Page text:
August 21 2014 10:58AM
Years down the road, when we're looking back on the 2014 NHL entry draft with the benefit of hindsight, the story of Thatcher Demko may not be so much the story of Demko himself, but of goalies and their unique relationship with the draft.
Indeed, all-star netminders have been selected in the first few picks of the draft, but for every Carey Price (5th overall, 2005), there is a Brian Finley (6th overall, 1999). For every Cory Schneider (26th overall, 2004), there are multiple Leland Irvings (26th overall, 2006). For every Jonathan Bernier (11th overall, 2006), there is a Brent Krahn (9th overall, 2000), and so on and so forth.
If you're a regular reader of this blog, I assume you're acquainted with our good friend Sham Sharron. If not, now is a fantastic time to get to know him if you've got an hour or six to kill. One of Sham's cardinal rules for drafting prospects was to avoid goalies at all costs since they're voodoo and, much like Sham's namesake, can't be trusted.
But why can't we trust goalies? Why should we avoid them? I'm glad you asked.
August 14 2014 11:39AM
When we go back and analyze previous NHL drafts, certain patterns and truisms emerge. For instance, the guys who become NHLers are the guys who score a lot of points, everyone is terrible at scouting goalies, guys who are in their draft+1 and draft+2 seasons don't have a lot of upside, defensive ability tends to be overvalued, and so on and so forth.
With this stuff in mind, there are three cardinal sins that a given NHL team should not do at the draft table:
- Don't draft a goalie in the first 3 rounds.
- Don't draft an over age player in the first 3 rounds.
- Don't draft a low-scoring defensive defenseman in the first 3 rounds.
A guy who fills just one of these criteria is a long shot to play in the league - CSS' top-3 rated goalies going into the draft have an ~80% bust rate between 2001 and 2010, and D drafted in rounds 1-3 that can't score at least 0.6 pts/GP at some point in their CHL careers miss the NHL nearly 90% of the time - so when a guy fulfills two of those criteria, you can, in most cases, just write that draft pick off as a wasted asset.
Fortunately for the Canucks, Nikita Tryamkin isn't your typical prospect.
August 12 2014 10:30AM
I'll let commenter JDM set us up:
I was just thinking, "these always start off in very sober fashion and are basically a downer for the first couple of entries". Which they are; I mean, it's basically a litany of reasons why prospect X is unlikely to ever be any good.
However, it then occurred to me that this is probably going to be the least depressing one of these lists ever compiled.
He is, for the most part, right. Vancouver's system is significantly deeper this season than it has been in previous years, but the unfortunate truth with top-20 prospect rankings like these is that a good number of the guys we rank and talk about likely won't play in the NHL for one reason or another. Some will get injured, some won't catch the breaks they need, and some just won't be good enough. For guys ranked around 10th or below, you're realistically looking at an outside shot of playing an NHL game at best.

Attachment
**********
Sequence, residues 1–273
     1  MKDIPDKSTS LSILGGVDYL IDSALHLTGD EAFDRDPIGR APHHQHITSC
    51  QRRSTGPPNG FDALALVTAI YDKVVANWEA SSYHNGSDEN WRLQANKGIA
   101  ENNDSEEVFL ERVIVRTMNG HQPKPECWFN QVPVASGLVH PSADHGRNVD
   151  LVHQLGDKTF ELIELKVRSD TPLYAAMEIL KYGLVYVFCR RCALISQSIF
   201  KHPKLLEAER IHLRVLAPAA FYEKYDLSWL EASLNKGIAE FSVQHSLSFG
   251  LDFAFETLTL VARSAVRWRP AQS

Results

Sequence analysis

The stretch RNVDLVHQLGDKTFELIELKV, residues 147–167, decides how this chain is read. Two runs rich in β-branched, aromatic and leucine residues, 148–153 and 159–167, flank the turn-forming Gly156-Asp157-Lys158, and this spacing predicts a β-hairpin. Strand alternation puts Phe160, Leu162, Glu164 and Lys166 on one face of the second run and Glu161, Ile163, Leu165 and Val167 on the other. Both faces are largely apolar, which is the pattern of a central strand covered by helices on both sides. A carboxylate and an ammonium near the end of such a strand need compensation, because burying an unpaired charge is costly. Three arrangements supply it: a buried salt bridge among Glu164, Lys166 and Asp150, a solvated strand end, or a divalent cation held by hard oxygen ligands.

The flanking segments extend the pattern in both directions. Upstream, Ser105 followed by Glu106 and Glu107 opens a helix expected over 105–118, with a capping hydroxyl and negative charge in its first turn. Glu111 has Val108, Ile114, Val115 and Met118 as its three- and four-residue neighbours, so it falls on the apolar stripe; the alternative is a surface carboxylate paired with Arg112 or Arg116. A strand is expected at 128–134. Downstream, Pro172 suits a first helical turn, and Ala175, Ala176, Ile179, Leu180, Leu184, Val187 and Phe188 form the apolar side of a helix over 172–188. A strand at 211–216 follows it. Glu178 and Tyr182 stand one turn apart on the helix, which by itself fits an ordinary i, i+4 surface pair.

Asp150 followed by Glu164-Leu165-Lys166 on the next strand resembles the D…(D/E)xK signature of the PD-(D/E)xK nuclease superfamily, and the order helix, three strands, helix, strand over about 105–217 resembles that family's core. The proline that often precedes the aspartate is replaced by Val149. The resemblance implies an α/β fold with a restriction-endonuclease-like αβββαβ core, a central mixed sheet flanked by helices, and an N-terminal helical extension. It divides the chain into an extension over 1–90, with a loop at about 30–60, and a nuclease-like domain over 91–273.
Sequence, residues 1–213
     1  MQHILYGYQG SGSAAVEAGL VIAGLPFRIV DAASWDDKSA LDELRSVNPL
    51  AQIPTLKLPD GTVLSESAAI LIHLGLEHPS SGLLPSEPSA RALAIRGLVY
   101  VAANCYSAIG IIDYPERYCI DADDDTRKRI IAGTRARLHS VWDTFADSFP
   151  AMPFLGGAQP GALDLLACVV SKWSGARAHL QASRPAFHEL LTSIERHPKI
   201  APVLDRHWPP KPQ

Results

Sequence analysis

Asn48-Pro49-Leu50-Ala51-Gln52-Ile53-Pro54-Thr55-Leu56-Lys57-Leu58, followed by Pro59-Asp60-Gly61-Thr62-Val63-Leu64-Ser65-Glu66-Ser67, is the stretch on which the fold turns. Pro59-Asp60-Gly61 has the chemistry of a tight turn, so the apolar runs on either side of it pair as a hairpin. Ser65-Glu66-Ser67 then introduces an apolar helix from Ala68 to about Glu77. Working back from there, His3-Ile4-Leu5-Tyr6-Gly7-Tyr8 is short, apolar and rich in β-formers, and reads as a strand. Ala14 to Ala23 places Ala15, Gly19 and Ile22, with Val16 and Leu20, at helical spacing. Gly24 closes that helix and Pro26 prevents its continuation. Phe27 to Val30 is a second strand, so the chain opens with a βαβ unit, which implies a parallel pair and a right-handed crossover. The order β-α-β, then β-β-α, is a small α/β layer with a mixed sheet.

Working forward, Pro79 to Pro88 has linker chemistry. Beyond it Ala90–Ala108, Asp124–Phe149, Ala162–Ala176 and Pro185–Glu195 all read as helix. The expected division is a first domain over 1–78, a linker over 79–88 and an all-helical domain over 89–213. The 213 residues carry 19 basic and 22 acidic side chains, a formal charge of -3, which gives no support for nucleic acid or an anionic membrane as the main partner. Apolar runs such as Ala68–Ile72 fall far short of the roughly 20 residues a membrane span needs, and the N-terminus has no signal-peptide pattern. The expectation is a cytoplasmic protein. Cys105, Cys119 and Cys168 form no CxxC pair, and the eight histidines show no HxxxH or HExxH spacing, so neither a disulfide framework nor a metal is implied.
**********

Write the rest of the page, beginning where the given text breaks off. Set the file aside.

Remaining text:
So when Michael Zalewski is your 19th-best prospect and has already played in the NHL (and acquitted himself rather admirably I might add, even if it were just the 2 games we saw him in), that says good things about your system.
July 28 2014 11:22AM
I had a conversation with Harrison Mooney last week. Well, it was more of a one-way discussion. I smiled and nodded as Harrison talked at me about how he thought I evaluated prospects, and the weaknesses he thought my approach had.
Despite being drunk at the time (it was his birthday), Harrison raised some really valid points and criticisms - points and criticisms that I thought were relevant and understandable enough that I needed to address. To paraphrase him: "Rhys, I like your stuff. But when I read it, you just seem so sure on these kids. Like you're certain you know how they're going to turn out. But you don't know, you can't know. They're so young!"
The thing is, he's pretty much completely right. We can't know how these kids are going to turn out, so making statements like "Bo Horvat is destined to be a 3rd line centre" are asinine and disingenuous. This is also why I try to avoid making statements like "Bo Horvat is destined to be a 3rd line centre."
"But wait, Rhys. Didn't you--" Yes and no. We'll get to that past the jump.
July 07 2014 12:19PM
The Sault Ste. Marie Greyhounds are one of the most forward-thinking and progressive hockey organizations on the planet. Under the leadership of young GM (and friend-of-the-blogosphere) Kyle Dubas, the Hounds have quickly vaulted to the top of the OHL standings, finishing this past year 4th in points in a brutal Western Conference.
Dubas and coach Sheldon Keefe place a great deal of value on analytics, and track Corsi, zone starts, and zone entry stats in order to gain a better understanding of what meaningful contributions their players make over the course of a full season.
There is no one better to give a detailed, analytic-focused breakdown of Canucks 1st round pick and Greyhounds centre Jared McCann than Kyle Dubas himself. After reaching out to Canucks Army to address some of our concerns with the selection of McCann, Dubas generously agreed to answer a few questions we had about McCann and help Canucks fans gain a better understanding of the 17-year old kid who will hopefully turn into the centrepiece of the Ryan Kesler trade. You're going to like what you hear.